In fact, a report prepared by the Center for Policy and Research at Seton Hall University Law School demonstrated that over 80 percent of the 571 detainees remaining at Guantanamo in 2005 had not been captured by US military-intelligence forces, but rather, by Afghan or Pakistani forces that exchanged them in return for bounties. At the time, the US government offered $5,000 for every captured prisoner.
President Obama, elected on the mandate of the closure of Guantanamo, has played an important role throughout his presidency in keeping the facility open.
In 2012, the Obama administration prosecuted CIA whistleblower John Kiriakou after he exposed the capture and brutal interrogation of Al-Qaeda suspect Abu Zubayda. Later that year, Obama’s Attorney General Eric Holder closed a three-year probe investigating the torture and murder of inmates by the CIA with no charges against any of those involved. As recently as last November, Obama supported a $607 billion Pentagon spending bill which mandated Guantanamo stay open.
In 2009, Obama made his first empty call for the prison to be closed. At the time, the prison still held 242 detainees. Over the following years, detainees were transferred to various different countries, leaving 91. A number of the detainees are not eligible for transfer, and Congress banned moving them into the United States via a defense bill passed at the end of 2010. The current Congress shows no intention to revoke the bill.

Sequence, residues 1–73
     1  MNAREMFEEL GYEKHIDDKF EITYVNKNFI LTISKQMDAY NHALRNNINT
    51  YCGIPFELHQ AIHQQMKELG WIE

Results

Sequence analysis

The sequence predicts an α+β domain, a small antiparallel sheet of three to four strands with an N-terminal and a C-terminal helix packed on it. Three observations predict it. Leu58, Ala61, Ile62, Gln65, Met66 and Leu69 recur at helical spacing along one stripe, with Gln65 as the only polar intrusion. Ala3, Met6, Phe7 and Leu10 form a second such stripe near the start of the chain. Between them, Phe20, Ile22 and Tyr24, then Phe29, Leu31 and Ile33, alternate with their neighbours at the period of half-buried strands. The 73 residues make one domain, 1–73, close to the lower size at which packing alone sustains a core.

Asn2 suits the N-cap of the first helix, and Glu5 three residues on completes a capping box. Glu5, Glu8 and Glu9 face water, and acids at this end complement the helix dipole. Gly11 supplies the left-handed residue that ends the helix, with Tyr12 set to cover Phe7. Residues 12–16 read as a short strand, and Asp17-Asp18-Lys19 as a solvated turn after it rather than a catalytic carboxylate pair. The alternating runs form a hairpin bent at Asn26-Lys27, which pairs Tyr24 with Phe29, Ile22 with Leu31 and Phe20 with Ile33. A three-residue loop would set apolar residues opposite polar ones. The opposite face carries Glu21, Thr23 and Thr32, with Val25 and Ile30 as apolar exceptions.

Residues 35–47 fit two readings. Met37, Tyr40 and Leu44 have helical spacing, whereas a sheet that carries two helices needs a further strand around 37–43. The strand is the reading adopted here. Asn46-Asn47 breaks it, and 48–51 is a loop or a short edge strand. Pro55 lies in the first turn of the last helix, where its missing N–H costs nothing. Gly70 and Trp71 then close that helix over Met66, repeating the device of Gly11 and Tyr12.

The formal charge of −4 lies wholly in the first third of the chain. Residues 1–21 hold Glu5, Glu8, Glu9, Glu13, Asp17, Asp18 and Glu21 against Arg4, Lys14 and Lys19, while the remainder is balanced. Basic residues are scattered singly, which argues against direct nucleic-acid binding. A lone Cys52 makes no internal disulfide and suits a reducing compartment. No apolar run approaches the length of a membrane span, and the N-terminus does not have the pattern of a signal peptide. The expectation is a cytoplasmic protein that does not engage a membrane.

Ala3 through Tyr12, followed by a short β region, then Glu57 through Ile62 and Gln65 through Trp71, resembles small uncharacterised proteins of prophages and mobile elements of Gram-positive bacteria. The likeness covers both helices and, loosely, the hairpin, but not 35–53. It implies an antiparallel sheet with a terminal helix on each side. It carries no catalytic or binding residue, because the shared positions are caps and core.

Thirty-five of the 91 inmates are expected to be transferred to foreign countries by the end of the year. Of the remaining 56, ten have either been convicted on terrorism charges or are currently facing pending cases by the military commission created to prosecute terrorism suspects. The 46 other detainees find themselves in a perverse limbo—neither convicted nor facing pending cases, but still ineligible for transfer. Under the current proposal, these detainees would be relocated to prison facilities in Kansas, South Carolina or Colorado.
Three of the five US prisons currently under consideration by President Obama and the Pentagon are military prisons. All five range between medium and “supermax” security levels.
The Midwest Joint Regional Correctional Facility in Fort Leavenworth, Kansas, a military prison currently in the running to take detainees, held Private Chelsea Manning from 2011 to 2014. Manning, a US military whistleblower who gave information to Wikileaks detailing war crimes in Iraq in 2010, endured brutal treatment in the US military prison system.